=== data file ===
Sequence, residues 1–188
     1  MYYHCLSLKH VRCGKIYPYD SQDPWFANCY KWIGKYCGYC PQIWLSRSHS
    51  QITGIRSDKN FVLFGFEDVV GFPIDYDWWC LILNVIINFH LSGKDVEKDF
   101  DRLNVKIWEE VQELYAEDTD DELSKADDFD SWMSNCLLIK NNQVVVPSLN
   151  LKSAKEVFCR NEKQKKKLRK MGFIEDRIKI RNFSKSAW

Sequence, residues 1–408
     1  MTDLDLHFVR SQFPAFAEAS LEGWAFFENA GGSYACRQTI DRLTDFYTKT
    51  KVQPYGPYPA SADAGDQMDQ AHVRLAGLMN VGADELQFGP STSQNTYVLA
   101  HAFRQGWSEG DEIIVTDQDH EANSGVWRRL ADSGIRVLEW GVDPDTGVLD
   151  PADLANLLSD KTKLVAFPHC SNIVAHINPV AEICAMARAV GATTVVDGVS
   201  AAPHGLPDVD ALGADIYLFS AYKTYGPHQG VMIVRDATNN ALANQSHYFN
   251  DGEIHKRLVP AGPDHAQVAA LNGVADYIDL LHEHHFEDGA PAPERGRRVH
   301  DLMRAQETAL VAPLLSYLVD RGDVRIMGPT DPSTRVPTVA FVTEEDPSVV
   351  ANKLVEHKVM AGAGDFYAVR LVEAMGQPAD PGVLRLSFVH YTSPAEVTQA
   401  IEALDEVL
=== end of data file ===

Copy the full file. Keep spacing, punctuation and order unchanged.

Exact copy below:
Sequence, residues 1–188
     1  MYYHCLSLKH VRCGKIYPYD SQDPWFANCY KWIGKYCGYC PQIWLSRSHS
    51  QITGIRSDKN FVLFGFEDVV GFPIDYDWWC LILNVIINFH LSGKDVEKDF
   101  DRLNVKIWEE VQELYAEDTD DELSKADDFD SWMSNCLLIK NNQVVVPSLN
   151  LKSAKEVFCR NEKQKKKLRK MGFIEDRIKI RNFSKSAW

Sequence, residues 1–408
     1  MTDLDLHFVR SQFPAFAEAS LEGWAFFENA GGSYACRQTI DRLTDFYTKT
    51  KVQPYGPYPA SADAGDQMDQ AHVRLAGLMN VGADELQFGP STSQNTYVLA
   101  HAFRQGWSEG DEIIVTDQDH EANSGVWRRL ADSGIRVLEW GVDPDTGVLD
   151  PADLANLLSD KTKLVAFPHC SNIVAHINPV AEICAMARAV GATTVVDGVS
   201  AAPHGLPDVD ALGADIYLFS AYKTYGPHQG VMIVRDATNN ALANQSHYFN
   251  DGEIHKRLVP AGPDHAQVAA LNGVADYIDL LHEHHFEDGA PAPERGRRVH
   301  DLMRAQETAL VAPLLSYLVD RGDVRIMGPT DPSTRVPTVA FVTEEDPSVV
   351  ANKLVEHKVM AGAGDFYAVR LVEAMGQPAD PGVLRLSFVH YTSPAEVTQA
   401  IEALDEVL